inflicting substantial bodily harm or with a deadly weapon, and causing the victim' s death in the
course of and in furtherance of the assault. RCW 9A.36.021; 9A.32. 050( 1)( b); Armstrong, 143
Wn. App. at 341. The elements of first degree or voluntary manslaughter are recklessly causing
another person' s death. RCW 9A.32. 060( 1)( a). Therefore, these statutes require different
mental states: second degree assault, and therefore felony murder as charged here, requires an
intentional assault, whereas first degree manslaughter requires a reckless state of mind. Leech,
114 Wn.2d at 712; Armstrong, 143 Wn. App. at 341 -42. Because these crimes do not have the
same elements, the authority of the prosecuting attorney to charge the defendant• with felony
murder does not violate equal protection. Leech, 114 Wn.2d at 712; State v. Wanrow, 91 Wn.2d
301, 312, 588 P. 2d 1320 ( 1978); Armstrong, 143 Wn. App. at 342.
IV. RIGHT To PRESENT A DEFENSE: VICTIM' S GANG AFFILIATION
McDaniel next argues that the trial court violated his right to present a defense when it
ruled that he could not present expert testimony about gangs. We disagree.
A. Standard ofReview
The United States and Washington Constitutions guarantee the right to present a defense.
U. S. CONST. amend. VI; WASH. CONST. art. I, § 22; State v. Wittenbarger, 124 Wn.2d 467, 474,
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880 P.2d 517 ( 1994). But this constitutional right is not absolute and does not extend to
irrelevant or inadmissible evidence. State v. Maupin, 128 Wn.2d 918, 925, 913 P.2d 808 ( 1996).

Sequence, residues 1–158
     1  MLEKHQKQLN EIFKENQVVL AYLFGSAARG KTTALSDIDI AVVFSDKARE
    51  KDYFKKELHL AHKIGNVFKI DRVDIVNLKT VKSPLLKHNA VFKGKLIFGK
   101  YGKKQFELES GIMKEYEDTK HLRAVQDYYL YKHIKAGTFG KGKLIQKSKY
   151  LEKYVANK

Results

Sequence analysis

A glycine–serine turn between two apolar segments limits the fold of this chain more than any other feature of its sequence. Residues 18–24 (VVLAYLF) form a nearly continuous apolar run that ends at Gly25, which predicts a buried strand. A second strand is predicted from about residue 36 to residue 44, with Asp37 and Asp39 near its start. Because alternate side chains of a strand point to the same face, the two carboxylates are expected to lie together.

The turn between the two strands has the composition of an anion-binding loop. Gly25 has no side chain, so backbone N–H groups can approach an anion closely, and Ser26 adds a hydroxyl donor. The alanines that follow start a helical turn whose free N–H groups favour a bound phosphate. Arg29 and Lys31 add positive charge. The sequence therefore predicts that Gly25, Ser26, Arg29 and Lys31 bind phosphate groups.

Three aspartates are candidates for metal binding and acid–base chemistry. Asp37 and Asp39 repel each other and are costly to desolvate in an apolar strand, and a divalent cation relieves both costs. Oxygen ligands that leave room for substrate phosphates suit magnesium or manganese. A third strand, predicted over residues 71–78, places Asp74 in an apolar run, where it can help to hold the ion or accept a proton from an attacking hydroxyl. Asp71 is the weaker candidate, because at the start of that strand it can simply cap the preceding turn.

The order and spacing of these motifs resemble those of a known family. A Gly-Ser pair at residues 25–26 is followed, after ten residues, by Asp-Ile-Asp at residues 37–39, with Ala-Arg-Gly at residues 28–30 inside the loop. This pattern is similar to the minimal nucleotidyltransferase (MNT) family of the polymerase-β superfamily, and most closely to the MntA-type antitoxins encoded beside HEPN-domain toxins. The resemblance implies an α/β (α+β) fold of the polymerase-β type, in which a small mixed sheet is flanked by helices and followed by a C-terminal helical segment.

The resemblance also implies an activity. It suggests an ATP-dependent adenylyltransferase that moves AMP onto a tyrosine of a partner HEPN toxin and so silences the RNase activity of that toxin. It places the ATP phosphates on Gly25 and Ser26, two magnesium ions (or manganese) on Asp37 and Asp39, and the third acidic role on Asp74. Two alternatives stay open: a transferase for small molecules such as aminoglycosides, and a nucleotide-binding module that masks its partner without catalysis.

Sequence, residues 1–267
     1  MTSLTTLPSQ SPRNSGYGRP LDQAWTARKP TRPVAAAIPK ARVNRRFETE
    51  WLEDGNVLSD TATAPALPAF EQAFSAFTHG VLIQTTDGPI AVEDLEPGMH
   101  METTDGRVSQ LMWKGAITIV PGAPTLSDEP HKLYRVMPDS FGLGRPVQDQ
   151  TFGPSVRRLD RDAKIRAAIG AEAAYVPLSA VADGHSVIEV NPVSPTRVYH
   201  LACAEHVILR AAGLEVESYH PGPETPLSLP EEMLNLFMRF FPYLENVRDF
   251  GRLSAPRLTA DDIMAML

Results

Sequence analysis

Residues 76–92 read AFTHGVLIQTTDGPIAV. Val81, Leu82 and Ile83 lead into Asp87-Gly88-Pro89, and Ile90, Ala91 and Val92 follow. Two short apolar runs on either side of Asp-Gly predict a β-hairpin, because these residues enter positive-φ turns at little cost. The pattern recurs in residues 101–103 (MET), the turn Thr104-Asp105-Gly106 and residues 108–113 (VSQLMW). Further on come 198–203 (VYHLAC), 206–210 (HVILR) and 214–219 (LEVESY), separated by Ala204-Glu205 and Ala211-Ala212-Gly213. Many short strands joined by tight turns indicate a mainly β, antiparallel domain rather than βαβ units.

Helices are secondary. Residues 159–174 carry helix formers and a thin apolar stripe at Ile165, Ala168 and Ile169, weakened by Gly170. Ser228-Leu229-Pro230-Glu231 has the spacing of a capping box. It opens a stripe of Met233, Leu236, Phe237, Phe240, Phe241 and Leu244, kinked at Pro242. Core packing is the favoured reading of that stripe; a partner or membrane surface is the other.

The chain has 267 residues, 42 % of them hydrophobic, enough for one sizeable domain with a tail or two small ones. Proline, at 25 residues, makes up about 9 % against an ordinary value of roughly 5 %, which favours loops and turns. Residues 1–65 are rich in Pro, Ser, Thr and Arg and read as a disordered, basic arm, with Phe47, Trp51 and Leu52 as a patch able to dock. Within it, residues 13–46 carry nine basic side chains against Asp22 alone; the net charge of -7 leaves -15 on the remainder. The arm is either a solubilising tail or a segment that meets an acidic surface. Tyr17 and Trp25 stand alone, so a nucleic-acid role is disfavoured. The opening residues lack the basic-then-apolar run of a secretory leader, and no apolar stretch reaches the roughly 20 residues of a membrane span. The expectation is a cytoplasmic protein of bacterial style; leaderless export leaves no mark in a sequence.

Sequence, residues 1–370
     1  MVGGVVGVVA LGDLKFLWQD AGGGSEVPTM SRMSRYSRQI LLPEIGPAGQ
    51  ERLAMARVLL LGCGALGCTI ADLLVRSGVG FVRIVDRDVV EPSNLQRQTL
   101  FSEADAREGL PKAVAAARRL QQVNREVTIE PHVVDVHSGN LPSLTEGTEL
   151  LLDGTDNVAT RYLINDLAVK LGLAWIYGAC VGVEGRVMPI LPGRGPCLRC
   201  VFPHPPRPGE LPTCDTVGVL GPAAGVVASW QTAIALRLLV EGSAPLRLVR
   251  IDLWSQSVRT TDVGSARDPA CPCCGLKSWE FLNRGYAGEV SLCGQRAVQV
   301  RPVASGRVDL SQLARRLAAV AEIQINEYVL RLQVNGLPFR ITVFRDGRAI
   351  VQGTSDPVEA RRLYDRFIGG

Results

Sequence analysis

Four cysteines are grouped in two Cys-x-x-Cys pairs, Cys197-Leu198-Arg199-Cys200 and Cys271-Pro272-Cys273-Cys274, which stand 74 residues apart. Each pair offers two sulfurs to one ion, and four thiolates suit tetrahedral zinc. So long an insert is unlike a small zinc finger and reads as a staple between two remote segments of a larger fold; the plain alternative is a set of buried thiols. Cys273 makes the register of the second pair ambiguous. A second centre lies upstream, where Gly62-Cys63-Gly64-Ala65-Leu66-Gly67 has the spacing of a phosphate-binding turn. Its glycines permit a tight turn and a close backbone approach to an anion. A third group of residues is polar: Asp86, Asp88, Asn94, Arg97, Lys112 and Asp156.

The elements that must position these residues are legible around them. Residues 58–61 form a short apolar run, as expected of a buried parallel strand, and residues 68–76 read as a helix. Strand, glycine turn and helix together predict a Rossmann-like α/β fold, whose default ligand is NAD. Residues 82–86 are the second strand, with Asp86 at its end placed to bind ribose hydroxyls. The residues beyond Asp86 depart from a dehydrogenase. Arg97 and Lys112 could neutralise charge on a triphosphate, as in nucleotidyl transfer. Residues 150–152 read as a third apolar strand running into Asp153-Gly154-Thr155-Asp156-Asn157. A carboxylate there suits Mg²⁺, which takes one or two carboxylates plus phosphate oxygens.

We review a trial court' s rulings on evidentiary matters for an abuse of discretion so long as the
trial court properly applies the rules of evidence. State v. Aguirre, 168 Wn.2d 350, 362 -63, 229
P. 3d 669 (2010); State v. Foxhoven, 161 Wn.2d 168, 174, 163 P. 3d 786 ( 2007).
To be admissible, evidence must be relevant. ER 402. Evidence is relevant if it has " any
tendency to make the existence of any fact that is of consequence to the determination of the
action more probable or less probable than it would be without the evidence." ER 401. For
expert testimony to be admissible under ER 702, testimony must be ( 1) by a qualified expert, ( 2)
based on an explanatory theory generally accepted in the scientific community, and ( 3) helpful to
the trier of fact. State v. Rafay, 168 Wn. App. 734, 784, 285 P. 3d 83 ( 2012).
B. Trial Court Did Not Err by Excluding Irrelevant Expert Testimony
McDaniel argues that the trial court violated his right to present a defense when it
declined to allow expert testimony about gangs from Detective Ringer. We disagree because the
evidence was irrelevant, and the right to present a defense does not extend to irrelevant evidence.
7 In State v. Aguirre, our Supreme Court held that the scope of the right to present a defense
does not extend to the introduction of otherwise inadmissible evidence. The admissibility of
evidence under the rape shield statute, in turn, `is within the sound discretion of the trial court. "'